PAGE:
Although Pseudomonas seldom infects healthy individuals it’s a significant threat to those already suffering from a medical condition, particularly cystic fibrosis, AIDS and cancer. It’s also very hard to eliminate. However, our copper and silver water treatment system has been controlling Pseudomonas at commercial sites, industrial buildings and cooling towers for over 25 years.
There’s a lot of evidence linking the hospital water supply to infections in high-risk patients. It’s thought that Pseudonomas can be transmitted by drinking, bathing, contact with wounds, splashing from water outlets, inhalation of aerosols, equipment rinsed in contaminated water, etc. Reference
Department of Health, 2013, HTM 04-01 – Addendum: Pseudomonas aeruginosa – advice for augmented care units.
Contaminated water in a hospital setting can transmit P. aeuginosa to patients through the following ways:-
- direct contact with the water through:
- – ingesting
- – bathing
- – contact with mucous membranes or surgical site, or
- – through splashing from water outlets or basins (where the flow from the outlet causes splashback from the surface);
- – inhalation of aerosols from respiratory equipment, devices that produce an aerosol or open suctioning of wound irrigations;
- – medical devices/equipment rinsed with contaminated water;
- – indirect contact via healthcare workers’ hands following washing hands in contaminated water, from surfaces contaminated with water or from contaminated equipment such as reusable wash-bowls.”
It’s usually present in biofilm that’s formed in pipes, taps, shower heads, dead legs, etc. Reference
Mena, K.D. and Gerba, C.P., 2009, Risk Assessment of Pseudomonas aeruginosa in Water, Reviews of Environmental Contamination and Toxicology, 201, 71-115.
“Its occurrence in drinking water is probably related more to its ability to colonize biofilms in plumbing fixtures (i.e., faucets, showerheads, etc.) than its presence in the distribution system or treated drinking water.”
This biofilm can withstand temperatures of 85°C without being removed or all the Pseudomonas killed, so thermal disinfection will only have a temporary effect at best. Reference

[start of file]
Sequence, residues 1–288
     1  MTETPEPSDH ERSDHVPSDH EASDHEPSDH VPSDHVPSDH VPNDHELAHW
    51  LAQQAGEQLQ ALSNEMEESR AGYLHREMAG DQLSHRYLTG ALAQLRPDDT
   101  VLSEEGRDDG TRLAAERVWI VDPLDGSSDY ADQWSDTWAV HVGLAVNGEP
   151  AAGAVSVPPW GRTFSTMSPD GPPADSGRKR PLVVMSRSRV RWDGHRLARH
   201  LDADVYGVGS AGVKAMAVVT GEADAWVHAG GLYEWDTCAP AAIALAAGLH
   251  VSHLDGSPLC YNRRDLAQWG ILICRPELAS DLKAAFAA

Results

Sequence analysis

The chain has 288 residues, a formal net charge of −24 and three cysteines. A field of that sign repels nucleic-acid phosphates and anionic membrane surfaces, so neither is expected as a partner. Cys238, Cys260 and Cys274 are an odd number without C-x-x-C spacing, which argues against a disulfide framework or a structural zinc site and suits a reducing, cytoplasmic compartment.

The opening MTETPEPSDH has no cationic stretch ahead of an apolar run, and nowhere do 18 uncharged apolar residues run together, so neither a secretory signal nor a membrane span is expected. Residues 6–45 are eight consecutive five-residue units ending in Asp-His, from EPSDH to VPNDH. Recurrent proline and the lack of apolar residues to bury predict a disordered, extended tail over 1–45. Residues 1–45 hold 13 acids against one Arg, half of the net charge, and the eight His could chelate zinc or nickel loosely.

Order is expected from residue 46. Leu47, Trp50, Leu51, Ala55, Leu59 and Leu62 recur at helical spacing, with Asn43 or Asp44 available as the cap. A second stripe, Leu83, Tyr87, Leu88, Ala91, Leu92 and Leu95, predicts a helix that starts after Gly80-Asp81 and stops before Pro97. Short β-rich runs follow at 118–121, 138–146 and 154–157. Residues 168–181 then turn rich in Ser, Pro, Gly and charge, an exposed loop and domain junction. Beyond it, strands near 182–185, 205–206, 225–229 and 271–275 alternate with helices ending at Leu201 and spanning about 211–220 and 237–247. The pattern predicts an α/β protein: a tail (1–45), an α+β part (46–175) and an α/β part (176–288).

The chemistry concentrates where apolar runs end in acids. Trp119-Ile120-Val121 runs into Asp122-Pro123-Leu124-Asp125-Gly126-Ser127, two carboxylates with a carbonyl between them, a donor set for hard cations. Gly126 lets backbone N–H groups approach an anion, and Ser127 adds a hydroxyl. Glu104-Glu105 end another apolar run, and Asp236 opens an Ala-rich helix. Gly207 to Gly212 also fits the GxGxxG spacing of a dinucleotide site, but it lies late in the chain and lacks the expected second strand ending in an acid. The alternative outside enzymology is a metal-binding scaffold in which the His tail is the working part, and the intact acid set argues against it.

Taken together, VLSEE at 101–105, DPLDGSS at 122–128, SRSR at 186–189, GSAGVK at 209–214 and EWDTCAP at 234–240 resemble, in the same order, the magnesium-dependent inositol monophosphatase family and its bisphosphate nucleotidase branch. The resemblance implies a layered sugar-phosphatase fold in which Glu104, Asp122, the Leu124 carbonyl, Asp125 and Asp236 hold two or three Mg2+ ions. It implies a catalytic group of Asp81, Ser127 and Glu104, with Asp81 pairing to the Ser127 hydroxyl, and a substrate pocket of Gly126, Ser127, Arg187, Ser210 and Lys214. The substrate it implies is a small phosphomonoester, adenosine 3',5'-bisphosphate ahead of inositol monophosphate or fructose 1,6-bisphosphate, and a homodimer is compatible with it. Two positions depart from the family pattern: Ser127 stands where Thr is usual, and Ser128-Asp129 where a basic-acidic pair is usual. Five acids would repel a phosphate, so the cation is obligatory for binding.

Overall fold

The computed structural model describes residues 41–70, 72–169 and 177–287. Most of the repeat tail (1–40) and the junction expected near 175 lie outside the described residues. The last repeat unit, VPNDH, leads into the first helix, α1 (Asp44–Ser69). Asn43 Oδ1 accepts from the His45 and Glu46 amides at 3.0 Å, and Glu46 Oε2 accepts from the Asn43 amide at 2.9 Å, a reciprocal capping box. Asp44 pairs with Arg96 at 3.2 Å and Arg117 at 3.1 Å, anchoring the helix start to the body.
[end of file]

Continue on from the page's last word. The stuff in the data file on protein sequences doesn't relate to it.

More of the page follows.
Kisko, G. and Szabo-Szabo, O., 2011.
Biofilm removal of Pseudomonas strains using hot water sanitation.
Acta Univ. Sapientiae Alimentaria, 4, 69-79.
“Our results showed that although hot water sanitation reduced the number of Pseudomonas biofilm cells by about 3-log cycles, it left surviving cells, which enable further growth of biofilm. Therefore, it cannot be considered an effective sanitation procedure unless its application is accompanied by further mechanical or chemical sanitation.”
It’s temperature tolerant, growing best at 37°C, but able to multiply at temperatures as low as 4°C and as high as 42°C.
Pseudomonas is more likely to infect those who are already very sick or vulnerable. Patients in critical care units, high dependency units, burns units, transplant units, haematology wards, renal units and oncology wards are especially at risk.
Although difficult to estimate, it’s believed to be responsible for about 10% of hospital acquired infections, Reference causing:
- Scepticemia (blood infection)
- Endocarditis (heart infection)
- Osteomyelitis (bone infection)
- Urinary tract infection
- Gastrointestinal disorders
- Pneumonia (70%+ mortality rate)
- Respiratory tract infections
- Meningitis (nervous system)
- Wound infections
It already has a high natural resistance to many antibiotics and the ability to develop resistance to other by a variety of means. Reference
Lutz, J.K. & Lee, J., 2011.
Prevalence and antimicrobial resistance of Pseudomonas aeruginosa in swimming pools and hot tubs.
Int. J. Environ. Res. Public Health, 8, 554-564.
“The temperature range in indoor recreational water is ideal for P. aeruginosa proliferation, which routinely grows in water 4-42 degrees Centigrade.”
Pseudomonas Control With The Orca
Typically, Pseudomonas is very hard to eradicate. However, at ProEconomy, our copper silver ionisation system, the Orca, is proven to successfully control Pseudomonas at a number of industrial and commercial organisations.
Pseudomonas Monitoring With Tetras
Following 25 years of research and water sampling, we have developed a cloud based water management system that allows you to view sample results in an easy to use online dashboard.
Health and Safety Executive, (2014) HSG274 Part 2: The control of bacteria in hot and cold water systems, para. 2, p.3
“There is a reasonably foreseeable Legionella risk in your water system if:
- water is stored or recirculated as part of your system
- the water temperature in all or some part of the system may be between 20–45 °C;
- there are deposits that can support bacterial growth, such as rust, sludge, scale and organic matter;
- it is possible for water droplets to be produced and, if so, if they can be dispersed;
- it is likely that any of your employees, contractors, visitors etc. could be exposed to any contaminated water droplets.”